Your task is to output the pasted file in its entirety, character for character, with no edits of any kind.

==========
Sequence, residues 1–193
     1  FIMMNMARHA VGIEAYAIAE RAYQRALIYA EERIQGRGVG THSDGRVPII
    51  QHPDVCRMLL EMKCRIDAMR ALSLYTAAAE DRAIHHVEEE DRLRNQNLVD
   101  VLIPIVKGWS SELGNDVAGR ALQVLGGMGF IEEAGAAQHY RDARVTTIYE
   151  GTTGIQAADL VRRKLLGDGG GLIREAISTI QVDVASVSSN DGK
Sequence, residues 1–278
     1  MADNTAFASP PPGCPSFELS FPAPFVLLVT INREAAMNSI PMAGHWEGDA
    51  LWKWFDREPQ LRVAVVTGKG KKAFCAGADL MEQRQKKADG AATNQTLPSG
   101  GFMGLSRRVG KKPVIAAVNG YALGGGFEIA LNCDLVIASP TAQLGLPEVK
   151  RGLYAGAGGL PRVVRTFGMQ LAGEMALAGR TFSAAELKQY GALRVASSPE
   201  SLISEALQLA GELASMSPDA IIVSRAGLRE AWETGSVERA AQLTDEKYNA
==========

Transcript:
Sequence, residues 1–193
     1  FIMMNMARHA VGIEAYAIAE RAYQRALIYA EERIQGRGVG THSDGRVPII
    51  QHPDVCRMLL EMKCRIDAMR ALSLYTAAAE DRAIHHVEEE DRLRNQNLVD
   101  VLIPIVKGWS SELGNDVAGR ALQVLGGMGF IEEAGAAQHY RDARVTTIYE
   151  GTTGIQAADL VRRKLLGDGG GLIREAISTI QVDVASVSSN DGK
Sequence, residues 1–278
     1  MADNTAFASP PPGCPSFELS FPAPFVLLVT INREAAMNSI PMAGHWEGDA
    51  LWKWFDREPQ LRVAVVTGKG KKAFCAGADL MEQRQKKADG AATNQTLPSG
   101  GFMGLSRRVG KKPVIAAVNG YALGGGFEIA LNCDLVIASP TAQLGLPEVK
   151  RGLYAGAGGL PRVVRTFGMQ LAGEMALAGR TFSAAELKQY GALRVASSPE
   201  SLISEALQLA GELASMSPDA IIVSRAGLRE AWETGSVERA AQLTDEKYNA